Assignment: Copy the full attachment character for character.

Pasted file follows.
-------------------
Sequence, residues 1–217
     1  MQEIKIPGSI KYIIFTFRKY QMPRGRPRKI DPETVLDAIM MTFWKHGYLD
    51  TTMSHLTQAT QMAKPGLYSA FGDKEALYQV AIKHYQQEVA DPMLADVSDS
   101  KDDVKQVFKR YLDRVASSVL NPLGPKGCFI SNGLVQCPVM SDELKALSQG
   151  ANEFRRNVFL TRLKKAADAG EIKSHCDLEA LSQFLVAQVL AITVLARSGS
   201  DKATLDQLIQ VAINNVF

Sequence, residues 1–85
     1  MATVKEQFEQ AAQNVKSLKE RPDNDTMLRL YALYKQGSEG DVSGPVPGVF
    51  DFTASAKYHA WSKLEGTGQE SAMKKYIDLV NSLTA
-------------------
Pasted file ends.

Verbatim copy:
Sequence, residues 1–217
     1  MQEIKIPGSI KYIIFTFRKY QMPRGRPRKI DPETVLDAIM MTFWKHGYLD
    51  TTMSHLTQAT QMAKPGLYSA FGDKEALYQV AIKHYQQEVA DPMLADVSDS
   101  KDDVKQVFKR YLDRVASSVL NPLGPKGCFI SNGLVQCPVM SDELKALSQG
   151  ANEFRRNVFL TRLKKAADAG EIKSHCDLEA LSQFLVAQVL AITVLARSGS
   201  DKATLDQLIQ VAINNVF

Sequence, residues 1–85
     1  MATVKEQFEQ AAQNVKSLKE RPDNDTMLRL YALYKQGSEG DVSGPVPGVF
    51  DFTASAKYHA WSKLEGTGQE SAMKKYIDLV NSLTA